3. Is there any small organic compounds known to act as heterogeneous catalysts?
thank you for your interest and support
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1. Based on your data, the catalyst seems to be heterogeneous. Increasing the catalyst amount does not increase the concentration of the catalyst in solution. "Hot filtration method shows reaction stopped after removing catalyst by filtration" indicates that the true catalyst is not in solution.
2. You have already conducted the "specific test"
3. I don't know, but why not.
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.
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Before irradiation, it is essential for the target pollutants to get adsorbed on the selected photocatalyst by stirring in dark for 30 to 60 minutes. More adsorption on the catalyst reaction site leads to enhanced degradation.
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I would like to carry out research on Enzyme supported magnetically recoverable nanocatalyst systems for Biodiesel production. Homogeneous, heterogeneous and free enzyme based catalyst have main problem of catalyst separation and regeneration. Heterogeneous catalyst solves this issues but active sites of surface molecules can produce leaching in harsh reaction conditions and also it requires centrifuge and filtration techniques. This may give a chance to increase the cost of the products . This is the main challenge for any chemical reaction system. So I am considering Magnetically recoverable nano catalyst or enzyme hybrid catalyst for biodiesel production. This kind of catalyst system can be overcome the challenges of catalyst separation and regeneration of the homogeneous, heterogeneous and enzyme based catalyst system. I provided the challenging issues of biodiesel production to my Prof. But Prof. is not satisfied, my Prof. needs more challenges issues/Breakthroughs in the field. I tried my best level up to my knowledge. I cannot fulfill the requirements of my Prof.
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In my knowledge, there are 4 methods used to produce heterogeneous catalyst for production of biodiesel, which are:
a) Precipitation method
b) Incipient Wet Impregnation method (IWI)
c) Sol-gel method
d) Physical/Direct mixing method
What are the best method and advantage/disadvantage of those methods?
Thank you
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The precipitation method is generally good for producing bulk catalysts with high purity and homogeneity. You will need to separate the catalyst from solution and deal with (depending on scale) large amounts of salt solutions. You have many ways to control the final product (temperature, pH, additives, solvent etc.). Clearly co-precipitation allows you to make, e.g. mixed oxides.
IWI is like WI but involves knowing accurately the volume of solution needed. This will lead to better dispersion of the metal in most cases. There will be no separation, only drying to remove solvent.
Sol-gel will often lead to porous materials with high surface areas. It provides a high degree of control over properties and allows dispersion at the atomic level.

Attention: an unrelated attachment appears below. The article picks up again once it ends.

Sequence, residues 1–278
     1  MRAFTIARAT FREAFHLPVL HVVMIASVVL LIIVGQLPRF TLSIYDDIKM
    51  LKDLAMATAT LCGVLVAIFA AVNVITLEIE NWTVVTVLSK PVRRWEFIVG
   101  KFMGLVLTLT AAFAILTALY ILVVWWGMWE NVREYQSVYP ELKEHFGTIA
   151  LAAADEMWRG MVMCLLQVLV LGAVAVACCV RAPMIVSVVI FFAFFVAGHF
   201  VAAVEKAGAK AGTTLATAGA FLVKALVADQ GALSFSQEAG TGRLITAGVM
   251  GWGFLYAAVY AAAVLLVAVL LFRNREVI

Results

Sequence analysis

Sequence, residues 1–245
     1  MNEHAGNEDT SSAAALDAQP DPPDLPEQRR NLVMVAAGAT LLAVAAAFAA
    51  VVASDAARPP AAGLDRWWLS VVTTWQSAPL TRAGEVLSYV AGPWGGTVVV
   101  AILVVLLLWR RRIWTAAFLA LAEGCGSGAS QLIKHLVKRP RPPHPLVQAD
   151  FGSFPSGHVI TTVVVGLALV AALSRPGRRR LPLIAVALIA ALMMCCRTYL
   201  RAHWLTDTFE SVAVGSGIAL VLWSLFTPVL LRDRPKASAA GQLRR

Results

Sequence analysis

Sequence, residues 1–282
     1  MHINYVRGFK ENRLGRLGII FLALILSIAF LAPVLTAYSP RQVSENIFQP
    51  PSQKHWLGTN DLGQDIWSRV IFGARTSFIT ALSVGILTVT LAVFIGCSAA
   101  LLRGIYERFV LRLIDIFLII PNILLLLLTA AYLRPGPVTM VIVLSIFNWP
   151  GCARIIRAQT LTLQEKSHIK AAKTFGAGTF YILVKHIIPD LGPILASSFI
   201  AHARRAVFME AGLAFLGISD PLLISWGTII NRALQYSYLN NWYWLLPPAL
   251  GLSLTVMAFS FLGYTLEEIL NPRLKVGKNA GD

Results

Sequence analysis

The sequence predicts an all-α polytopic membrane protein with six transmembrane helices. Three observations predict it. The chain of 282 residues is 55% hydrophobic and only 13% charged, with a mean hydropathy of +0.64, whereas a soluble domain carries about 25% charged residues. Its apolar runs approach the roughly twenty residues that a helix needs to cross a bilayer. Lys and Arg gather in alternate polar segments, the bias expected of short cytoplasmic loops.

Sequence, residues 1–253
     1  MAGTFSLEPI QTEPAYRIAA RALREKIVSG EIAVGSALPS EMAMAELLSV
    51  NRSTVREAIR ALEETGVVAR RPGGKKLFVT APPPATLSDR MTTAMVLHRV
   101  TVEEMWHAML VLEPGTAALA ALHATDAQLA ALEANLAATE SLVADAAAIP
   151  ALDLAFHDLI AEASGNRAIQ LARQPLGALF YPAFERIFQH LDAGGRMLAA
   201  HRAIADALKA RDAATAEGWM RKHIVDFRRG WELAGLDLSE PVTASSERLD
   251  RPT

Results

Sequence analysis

Physical mixing is the simplest method, but as if often the case with the simpler methods, advantages (other than simplicity) are often lacking.
It would be advisable in your case to check some fundamental texts (e.g. Ertl or Krijn de Jong textbooks on catalysis) to understand differences in more detail. Secondly it would be good to think about the properties you need your catalyst to have - stability, high dispersion, simplicity of synthesis for large scale etc.
I hope this answer is useful and if you have any further questions please ask.
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Since, I am pretty sure that no other gaseous product could be formed in the conditions of my experiment except hydrogen, so I am pretty sure that I am able to produce hydrogen (by water reduction). Further, I want to measure the quantity of hydrogen produced during my experiment. Could anyone provide a suggestion of how can I trap hydrogen such that I would be able to measure its quantity as well.
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The method that you use is somewhat dependent on the scale of the experiment in question. For slightly larger scale reactions a gas burette system can be used to very accurately measure evolved hydrogen and many universities have them even in undergraduate teaching labs so they are usually very easy to scrounge up. Before trying to fashion a system yourself ask around to see if any other lab or teaching lab has a working system as this can save you a lot of time and effort to build and celebrate your own system. That being said, if no one in your department has a system then the paper mentioned in the previous comment seams like a really good resource. Here is a paper describing a nice setup but a simple setup can be borrowed or fashioned as well. http://aip.scitation.org.proxy.bc.edu/doi/abs/10.1063/1.2968715?journalCode=rsi
For very small samples GC-MS can be a good option but these instruments are expensive and not every department has one.
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I want to use this powder to impregnate it in multi walled carbon nanotubes.
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Electrochemical preparation of PbO2 is well-known , you can use it to get a thick plate that can be crushed into the desired particle size
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My system is consists of two liquid phase chemicals , it has less yield. When homogeneous graphene suspension is added into this system , yield increases 10 fold. If i want to model this system , should in consider it as heterogeneous or homogeneous ?